7. 7. 76 colourshavebeenusedtoform whattheColourFutures™teamconsiderstobethefivemainlifestyletrendsfor2009.Some colours appearinmorethanonetheme. S10
  8. 8. 13 WHITE DIMENSIONS LIVING LEGACY EQUILIBRIUM PLAY HOUSEECOTECTURE
  9. 9. Innovative design and architecture practices are pursuing concepts such as vertical landscaping, sky gardens and ECOTECTURE integrated community facilities as part of many new office and domestic projects. Green energy and global citizenship are driving issues that will inform much of this debate. Aesthetic ambience and sustainable systems will ensure buildings create both a quality of life experience and a strong sense of community as opposed to the ‘islands in the sky’ so familiar to us now — where little attention is paid either to the lives of the residents within these structures or the impact of WHITE DIMENSIONS the building itself on the ecosystem. LIVING LEGACY The elements of air, water and earth are also being regarded as an inherent component of any new building both in terms of its environmental impact but also because of our improved understanding of the human need to inter-react with the natural world in a way that brings self fulfilment and an integrated lifestyle. The palette reflects this new challenging approach to the built environment and the natural world. Soft natural colours such as straw, olive, willow and aqua are enlivened and offset by techno greens, marine blues and deeper architectural tones — a community of colours for EQUILIBRIUM the basic bio bodies of the future. PLAY HOUSESustainable, environmentally friendly building is now going mainstream whether domestic or commercial,rural or urban. Leaving its hippy, alternative roots behind, the relationship of a building and inhabitants to itsenvironment is now a critical issue for all new build projects. This clean green attitude regards a piece ofarchitecture as a living organism that has the need to breathe, feed and dispose of waste in a responsible,non harmful way. Ultra high technology and ‘smart’ systems are being utilised to deliver effective ecosolutions as seen in new projects such as the Hearst Tower in New York City. 15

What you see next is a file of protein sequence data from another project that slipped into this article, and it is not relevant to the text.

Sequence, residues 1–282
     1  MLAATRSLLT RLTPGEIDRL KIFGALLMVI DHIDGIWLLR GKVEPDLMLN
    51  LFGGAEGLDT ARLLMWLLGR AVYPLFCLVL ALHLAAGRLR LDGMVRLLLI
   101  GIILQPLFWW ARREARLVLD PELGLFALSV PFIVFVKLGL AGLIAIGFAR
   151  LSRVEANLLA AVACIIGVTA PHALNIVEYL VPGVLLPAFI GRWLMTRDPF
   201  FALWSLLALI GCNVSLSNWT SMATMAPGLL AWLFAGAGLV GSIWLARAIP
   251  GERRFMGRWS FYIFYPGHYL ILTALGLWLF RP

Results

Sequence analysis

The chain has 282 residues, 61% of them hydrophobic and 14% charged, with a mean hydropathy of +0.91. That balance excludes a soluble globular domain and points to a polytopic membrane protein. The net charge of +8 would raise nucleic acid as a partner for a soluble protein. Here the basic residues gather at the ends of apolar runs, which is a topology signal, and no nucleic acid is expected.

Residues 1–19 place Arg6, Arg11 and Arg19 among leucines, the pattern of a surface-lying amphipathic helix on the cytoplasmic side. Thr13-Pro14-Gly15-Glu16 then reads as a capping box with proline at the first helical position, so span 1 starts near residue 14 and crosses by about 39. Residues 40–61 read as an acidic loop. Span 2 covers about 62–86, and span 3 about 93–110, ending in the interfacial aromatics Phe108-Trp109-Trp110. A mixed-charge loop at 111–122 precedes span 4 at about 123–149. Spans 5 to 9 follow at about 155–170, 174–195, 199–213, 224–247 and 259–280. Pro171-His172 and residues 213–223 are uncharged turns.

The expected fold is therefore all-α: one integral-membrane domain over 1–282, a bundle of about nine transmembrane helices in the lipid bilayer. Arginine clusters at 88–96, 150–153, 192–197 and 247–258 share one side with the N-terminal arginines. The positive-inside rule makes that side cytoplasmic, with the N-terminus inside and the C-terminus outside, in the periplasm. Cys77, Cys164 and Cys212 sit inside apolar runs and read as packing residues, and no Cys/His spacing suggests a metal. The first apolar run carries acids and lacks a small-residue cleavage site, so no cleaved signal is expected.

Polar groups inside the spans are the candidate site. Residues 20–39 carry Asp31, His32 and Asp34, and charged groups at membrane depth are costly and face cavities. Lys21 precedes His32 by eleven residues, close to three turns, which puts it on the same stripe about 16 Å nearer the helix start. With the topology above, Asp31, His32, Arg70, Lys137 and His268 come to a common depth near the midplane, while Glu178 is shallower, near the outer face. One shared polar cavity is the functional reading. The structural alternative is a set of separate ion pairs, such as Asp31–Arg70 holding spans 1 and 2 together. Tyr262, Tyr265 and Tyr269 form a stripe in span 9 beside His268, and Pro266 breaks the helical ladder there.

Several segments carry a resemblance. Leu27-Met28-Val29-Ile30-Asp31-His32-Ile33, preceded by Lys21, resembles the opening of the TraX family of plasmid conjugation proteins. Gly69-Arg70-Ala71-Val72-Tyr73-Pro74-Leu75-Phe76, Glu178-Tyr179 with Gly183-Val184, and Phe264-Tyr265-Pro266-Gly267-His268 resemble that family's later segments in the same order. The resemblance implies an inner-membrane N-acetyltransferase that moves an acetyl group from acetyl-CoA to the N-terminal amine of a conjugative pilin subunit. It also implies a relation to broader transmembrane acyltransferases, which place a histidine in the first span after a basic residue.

10. 10.      ECOTECTURECOLOUR PALETTE   IMAGERY     Tableandchairs,www.twentytwentyone.com   WHITE DIMENSIONS 40 YY 49/408 30 YY 58/178 70 YY 72/041 90 GG 30/195 LIVING LEGACY 20YY 57/060 30 RR 30/103 70 YY 55/613 70 YY 25/200 EQUILIBRIUM PLAY HOUSE 70BB 55/044 70 BB 15/081 10 BB 17/269 10 GG 51/125 30 YY 14/070 20 YY 39/130 10 GY 40/296 70 GG 13/323 43 25 17